Thursday, November 29, 2007

Oscar and Lynn Wyatt Dance Around the Potholes: How About a Pardon, George?

Houston socialite and philanthropist Lynn Wyatt said there are lessons to be learned from all events in life, even watching a husband of four decades plead guilty to conspiring to funnel illegal kickbacks to Saddam Hussein's regime.

"My philosophy is you have to dance around the potholes," Lynn Wyatt said, adding: "This was a particularly deep pothole."

The pothole in question was a federal indictment charging that Oscar Wyatt Jr., her 83-year old husband, paid illegal surcharges demanded by Saddam's regime to purchase Iraqi oil under the United Nations' Oil-for-Food program in 2001. Wyatt was accused of multiple felonies that could have resulted in lengthy jail time—including conspiracy, wire fraud and violating U.S. laws governing dealings with Iraq. He would not have survived the theoretical maximum, 74 years.

Wyatt did himself and his family a favor by agreeing to plead guilty to one count of conspiracy, acknowledging that he orchestrated a single $200,000 surcharge payment.

Defense and prosecution attorneys stipulated that under federal sentencing guidelines the plea meant imprisonment of 18 to 24 months. But in a move that may be unprecedented, Denny Chin, the federal judge on the case, reduced the sentence to a year and a day, citing an avalanche of support from admirers who spoke up for Wyatt’s multiple acts of generosity over several decades, often anonymously and to strangers.

With good behavior, Wyatt could actually reduce his confinement by about 45 days and spend the last 30 days in a halfway house.

Back in Houston yesterday to get his affairs in order before he starts his sentence in January, Wyatt said “I’m bearing up pretty well for an old man who’s going to jail.”

Given all that the Wyatts have done philanthropically and for Houston, it’s astonishing that some local official hasn’t suggested that a presidential pardon would be appropriate. Multiple justifications apply.

The case against Wyatt had some Martha Stewart aspects—in that several oil companies did what he did, yet so far only two oil executives have been convicted, counting him.

Wyatt never claimed to be a saint. He was sometimes regarded as the meanest Texas oilman. But his success in a cut-throat industry was attributable in part to a reputation for stretching regulations almost to the breaking point. He skated on thin ice often enough that sooner or later it was bound to collapse. In the Oil-for-Food abuses he seemed to be selected as an easy target (like Stewart for not fully disclosing her insider trading), even though there were certainly more egregious offenders.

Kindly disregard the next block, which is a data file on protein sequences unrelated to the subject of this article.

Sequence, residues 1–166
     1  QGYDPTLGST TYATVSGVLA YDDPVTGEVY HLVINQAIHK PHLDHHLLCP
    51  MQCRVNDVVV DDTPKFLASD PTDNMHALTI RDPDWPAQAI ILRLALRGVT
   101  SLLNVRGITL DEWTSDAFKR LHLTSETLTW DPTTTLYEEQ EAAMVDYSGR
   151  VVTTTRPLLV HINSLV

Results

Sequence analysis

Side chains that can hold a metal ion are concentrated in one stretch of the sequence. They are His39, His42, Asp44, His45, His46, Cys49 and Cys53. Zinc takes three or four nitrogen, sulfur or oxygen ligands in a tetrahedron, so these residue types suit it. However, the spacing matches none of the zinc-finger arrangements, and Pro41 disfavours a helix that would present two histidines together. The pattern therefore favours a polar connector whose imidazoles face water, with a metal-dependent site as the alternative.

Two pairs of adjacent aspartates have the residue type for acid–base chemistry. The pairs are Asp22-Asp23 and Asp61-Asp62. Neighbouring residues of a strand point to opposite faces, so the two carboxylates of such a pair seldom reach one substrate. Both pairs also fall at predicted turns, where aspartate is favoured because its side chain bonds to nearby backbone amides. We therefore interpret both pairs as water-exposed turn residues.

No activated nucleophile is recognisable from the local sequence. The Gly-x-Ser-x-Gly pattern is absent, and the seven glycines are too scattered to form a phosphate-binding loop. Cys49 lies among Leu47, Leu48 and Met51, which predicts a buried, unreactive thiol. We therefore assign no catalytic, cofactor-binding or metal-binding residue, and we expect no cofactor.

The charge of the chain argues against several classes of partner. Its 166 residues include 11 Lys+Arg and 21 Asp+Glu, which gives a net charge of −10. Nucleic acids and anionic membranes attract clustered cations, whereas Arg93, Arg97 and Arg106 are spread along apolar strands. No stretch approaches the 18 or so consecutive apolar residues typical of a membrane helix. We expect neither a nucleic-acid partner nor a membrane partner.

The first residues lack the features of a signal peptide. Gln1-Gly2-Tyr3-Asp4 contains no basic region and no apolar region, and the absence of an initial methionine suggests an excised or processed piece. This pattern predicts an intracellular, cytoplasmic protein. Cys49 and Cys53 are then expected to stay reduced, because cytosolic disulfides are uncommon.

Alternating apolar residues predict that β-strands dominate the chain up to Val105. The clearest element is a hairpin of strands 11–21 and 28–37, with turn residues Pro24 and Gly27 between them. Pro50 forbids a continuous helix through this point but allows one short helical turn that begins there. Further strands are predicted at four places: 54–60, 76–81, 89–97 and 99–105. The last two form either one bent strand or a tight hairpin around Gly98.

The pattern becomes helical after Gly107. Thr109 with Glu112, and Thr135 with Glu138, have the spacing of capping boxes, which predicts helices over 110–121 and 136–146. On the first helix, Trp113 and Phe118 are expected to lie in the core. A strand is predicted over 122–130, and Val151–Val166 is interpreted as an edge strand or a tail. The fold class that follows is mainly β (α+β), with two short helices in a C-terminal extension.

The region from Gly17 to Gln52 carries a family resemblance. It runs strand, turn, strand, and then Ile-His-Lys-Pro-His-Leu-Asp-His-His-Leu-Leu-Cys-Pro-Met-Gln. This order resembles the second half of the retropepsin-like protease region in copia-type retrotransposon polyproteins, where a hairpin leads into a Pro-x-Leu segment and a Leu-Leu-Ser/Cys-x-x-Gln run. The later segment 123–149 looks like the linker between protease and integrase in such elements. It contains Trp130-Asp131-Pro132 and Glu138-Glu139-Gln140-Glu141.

In contrast with Ken Lay and several of the Enron perps, Wyatt at least had the fortitude and good grace to say in public that he had indeed broken the law, that he understood he was accountable for his actions—and to state candidly that he was settling because he was too old to waste what days he has left on earth on the futility of fighting an inevitable jail sentence.

Above and beyond the years of good deeds that influenced the judge, has the federal government ever truly thanked Oscar Wyatt for his pivotal role in December of 1990, when during a visit to Baghdad he secured the release of two dozen U.S. oil workers whom Saddam Hussein had captured in Kuwait and was holding hostage on the eve of Desert Storm?

At the time Wyatt succeeded where U.S. policy had failed. Certainly that experience colored his attitude that U.S. strictures about the Oil-for-Food program would not be very successful either. And the current Bush administration pretty much agreed with him when it pushed its own invasion of Iraq.

In other words, the country and the Bush family owe the Wyatt family big time on Iraq. Bush has cut himself, Cheney and other members of his administration a lot more slack on laws about Iraq than the government did Wyatt. It would be a nice touch for George W. Bush to pardon him.

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